As financial consumers, we face many choices on how to invest our hard-earned money for retirement. While traditional and Roth IRAs are fairly well-known investment tools, their differences may seems a little confusing to some. We’re here to help.
Let’s break it down in simplest terms and if you want to dig a little deeper, click here.
The main distinction between a traditional and a Roth IRAs is how and when you pay taxes on your plan contributions.
With a Roth IRA, you pay taxes when you put your money into your account. The contributions and earnings including capital gains, dividends and interest income, etc, are considered after-tax money, so when you withdraw the money years from now, you won't have to pay income tax on it. If you think you may be in a higher tax bracket when you’re ready to withdraw some funds, a Roth may be appropriate. Also, there’s no telling what tax rates might be years from now, so with a Roth you won’t have to worry about it.
With a traditional IRA, the money you put into your plan is tax deductible in the year you make your contribution. You only pay taxes when you withdraw the money during retirement at your then-applicable tax rate. So, if you think you’ll be in a lower tax bracket when you retire, a traditional IRA may be best for you. All the funds, both your contributions and earnings, are treated as pre-tax in a traditional IRA.
A few more differences for you to ponder— traditional IRAs require you to start taking minimum distributions (RMDs)—mandatory, taxable withdrawals of a certain percentage of your funds—at age 70½, whether you need the money then or not. Roth IRAs, on the other hand, have no such withdrawal requirements during your lifetime.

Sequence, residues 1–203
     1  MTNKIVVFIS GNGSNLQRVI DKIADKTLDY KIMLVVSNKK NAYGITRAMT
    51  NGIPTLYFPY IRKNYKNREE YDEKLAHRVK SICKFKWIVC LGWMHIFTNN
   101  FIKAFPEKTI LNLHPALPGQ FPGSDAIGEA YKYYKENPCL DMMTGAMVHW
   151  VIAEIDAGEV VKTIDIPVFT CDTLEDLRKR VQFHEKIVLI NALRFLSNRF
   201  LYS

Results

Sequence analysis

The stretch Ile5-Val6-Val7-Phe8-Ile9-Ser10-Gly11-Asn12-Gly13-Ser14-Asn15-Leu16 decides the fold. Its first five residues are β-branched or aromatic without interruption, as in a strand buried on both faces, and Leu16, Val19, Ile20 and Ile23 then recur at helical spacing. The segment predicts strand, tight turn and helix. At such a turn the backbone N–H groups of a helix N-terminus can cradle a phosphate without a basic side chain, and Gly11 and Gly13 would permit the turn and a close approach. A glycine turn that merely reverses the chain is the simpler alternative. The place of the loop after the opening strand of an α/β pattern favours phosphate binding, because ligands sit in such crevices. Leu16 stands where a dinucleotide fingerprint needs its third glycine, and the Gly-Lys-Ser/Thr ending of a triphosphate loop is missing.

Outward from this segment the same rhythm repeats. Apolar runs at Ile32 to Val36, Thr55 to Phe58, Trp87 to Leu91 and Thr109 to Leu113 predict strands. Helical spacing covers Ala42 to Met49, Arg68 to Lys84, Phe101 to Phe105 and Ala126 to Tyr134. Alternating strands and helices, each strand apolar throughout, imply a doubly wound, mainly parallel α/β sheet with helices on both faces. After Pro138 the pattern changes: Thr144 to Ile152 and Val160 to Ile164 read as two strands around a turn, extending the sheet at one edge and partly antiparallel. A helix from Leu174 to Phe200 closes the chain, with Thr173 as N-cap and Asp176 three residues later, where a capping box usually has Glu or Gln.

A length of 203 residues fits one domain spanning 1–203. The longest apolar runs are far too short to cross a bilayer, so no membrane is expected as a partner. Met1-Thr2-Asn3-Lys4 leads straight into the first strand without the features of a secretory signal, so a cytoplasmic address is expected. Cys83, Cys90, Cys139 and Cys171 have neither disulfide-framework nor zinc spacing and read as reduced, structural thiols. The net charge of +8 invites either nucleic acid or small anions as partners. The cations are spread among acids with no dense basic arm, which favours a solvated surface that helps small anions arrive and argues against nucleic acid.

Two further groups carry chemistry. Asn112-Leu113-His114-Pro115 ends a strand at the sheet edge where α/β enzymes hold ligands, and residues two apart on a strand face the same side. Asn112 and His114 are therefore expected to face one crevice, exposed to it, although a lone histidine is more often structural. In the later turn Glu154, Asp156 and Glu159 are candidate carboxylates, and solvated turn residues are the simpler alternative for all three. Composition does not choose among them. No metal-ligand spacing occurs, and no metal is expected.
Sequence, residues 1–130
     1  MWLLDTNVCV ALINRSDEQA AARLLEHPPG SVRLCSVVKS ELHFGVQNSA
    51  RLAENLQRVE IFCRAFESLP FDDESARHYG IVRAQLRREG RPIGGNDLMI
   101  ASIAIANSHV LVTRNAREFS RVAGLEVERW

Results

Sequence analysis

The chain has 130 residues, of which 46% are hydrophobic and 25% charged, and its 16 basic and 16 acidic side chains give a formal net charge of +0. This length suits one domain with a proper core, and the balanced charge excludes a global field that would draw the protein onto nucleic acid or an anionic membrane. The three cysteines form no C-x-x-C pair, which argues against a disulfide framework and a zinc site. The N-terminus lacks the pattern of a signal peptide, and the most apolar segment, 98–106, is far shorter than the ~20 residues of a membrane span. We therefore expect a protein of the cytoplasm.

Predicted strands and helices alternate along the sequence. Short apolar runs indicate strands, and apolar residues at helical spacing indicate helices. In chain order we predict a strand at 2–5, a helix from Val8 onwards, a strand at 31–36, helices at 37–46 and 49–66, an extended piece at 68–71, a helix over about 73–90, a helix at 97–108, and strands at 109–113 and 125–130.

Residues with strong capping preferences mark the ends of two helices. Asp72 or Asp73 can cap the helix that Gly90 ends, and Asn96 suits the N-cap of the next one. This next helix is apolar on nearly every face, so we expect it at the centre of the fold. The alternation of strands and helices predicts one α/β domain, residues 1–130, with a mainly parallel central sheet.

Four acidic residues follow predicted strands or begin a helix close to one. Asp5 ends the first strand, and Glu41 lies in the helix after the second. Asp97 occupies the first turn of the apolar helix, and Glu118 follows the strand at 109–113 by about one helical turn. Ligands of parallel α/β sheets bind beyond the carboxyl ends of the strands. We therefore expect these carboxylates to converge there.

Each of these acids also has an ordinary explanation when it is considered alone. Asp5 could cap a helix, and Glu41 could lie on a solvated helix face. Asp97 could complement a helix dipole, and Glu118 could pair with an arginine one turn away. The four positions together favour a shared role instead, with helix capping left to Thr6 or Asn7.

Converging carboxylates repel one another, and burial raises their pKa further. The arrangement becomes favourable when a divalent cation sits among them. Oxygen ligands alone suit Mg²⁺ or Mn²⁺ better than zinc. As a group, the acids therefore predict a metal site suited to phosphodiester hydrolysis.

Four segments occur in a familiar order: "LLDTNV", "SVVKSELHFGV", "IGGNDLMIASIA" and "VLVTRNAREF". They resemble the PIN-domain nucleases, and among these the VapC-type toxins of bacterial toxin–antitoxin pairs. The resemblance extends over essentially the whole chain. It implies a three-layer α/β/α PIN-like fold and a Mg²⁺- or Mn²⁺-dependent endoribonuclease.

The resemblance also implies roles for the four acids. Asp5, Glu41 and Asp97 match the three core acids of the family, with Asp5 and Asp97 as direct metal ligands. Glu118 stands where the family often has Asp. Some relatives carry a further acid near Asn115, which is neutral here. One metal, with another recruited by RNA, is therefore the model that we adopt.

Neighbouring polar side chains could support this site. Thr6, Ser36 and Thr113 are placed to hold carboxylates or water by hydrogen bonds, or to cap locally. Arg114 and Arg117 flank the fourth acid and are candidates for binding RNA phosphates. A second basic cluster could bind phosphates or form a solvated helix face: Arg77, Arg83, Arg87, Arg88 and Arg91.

Income limits for 2019 will vary as well. For a traditional IRA, anyone with an earned income can open one. For a Roth, you’re subject to an income limit of an adjusted gross income of $137,000 or less for single filers and $203,000 or less for married couples filing jointly.
Anything the same you ask? Yep, 2019 contribution limits are the same for both IRAs-- $6,000 or $7,000 if you’re age 50 or older.
Of course, it’s up to you to decide which plan works best for your retirement goals but know that regardless of whether you open a traditional or Roth, you’ll pay no taxes at all on the growth of what you’ve contributed. Either way, both types of accounts are great vehicles for you to sock away money for your retirement years!
For more detailed information about the benefits and differences of both Roth and traditional IRAs go to https://bit.ly/2Cgw1xR